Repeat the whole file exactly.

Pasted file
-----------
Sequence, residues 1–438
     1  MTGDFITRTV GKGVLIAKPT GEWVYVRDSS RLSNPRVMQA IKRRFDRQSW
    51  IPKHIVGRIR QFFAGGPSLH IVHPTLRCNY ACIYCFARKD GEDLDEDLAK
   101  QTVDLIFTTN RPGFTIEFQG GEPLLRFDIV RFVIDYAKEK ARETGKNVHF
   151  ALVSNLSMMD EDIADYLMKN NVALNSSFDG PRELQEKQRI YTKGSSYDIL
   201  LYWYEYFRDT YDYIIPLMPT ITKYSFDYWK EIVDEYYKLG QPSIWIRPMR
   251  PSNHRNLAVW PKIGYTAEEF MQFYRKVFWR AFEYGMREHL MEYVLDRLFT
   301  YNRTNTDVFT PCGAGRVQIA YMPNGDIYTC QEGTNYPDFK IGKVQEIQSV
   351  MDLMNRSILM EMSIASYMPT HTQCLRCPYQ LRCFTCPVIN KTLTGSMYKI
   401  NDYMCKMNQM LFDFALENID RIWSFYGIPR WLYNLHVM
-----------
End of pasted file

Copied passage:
Sequence, residues 1–438
     1  MTGDFITRTV GKGVLIAKPT GEWVYVRDSS RLSNPRVMQA IKRRFDRQSW
    51  IPKHIVGRIR QFFAGGPSLH IVHPTLRCNY ACIYCFARKD GEDLDEDLAK
   101  QTVDLIFTTN RPGFTIEFQG GEPLLRFDIV RFVIDYAKEK ARETGKNVHF
   151  ALVSNLSMMD EDIADYLMKN NVALNSSFDG PRELQEKQRI YTKGSSYDIL
   201  LYWYEYFRDT YDYIIPLMPT ITKYSFDYWK EIVDEYYKLG QPSIWIRPMR
   251  PSNHRNLAVW PKIGYTAEEF MQFYRKVFWR AFEYGMREHL MEYVLDRLFT
   301  YNRTNTDVFT PCGAGRVQIA YMPNGDIYTC QEGTNYPDFK IGKVQEIQSV
   351  MDLMNRSILM EMSIASYMPT HTQCLRCPYQ LRCFTCPVIN KTLTGSMYKI
   401  NDYMCKMNQM LFDFALENID RIWSFYGIPR WLYNLHVM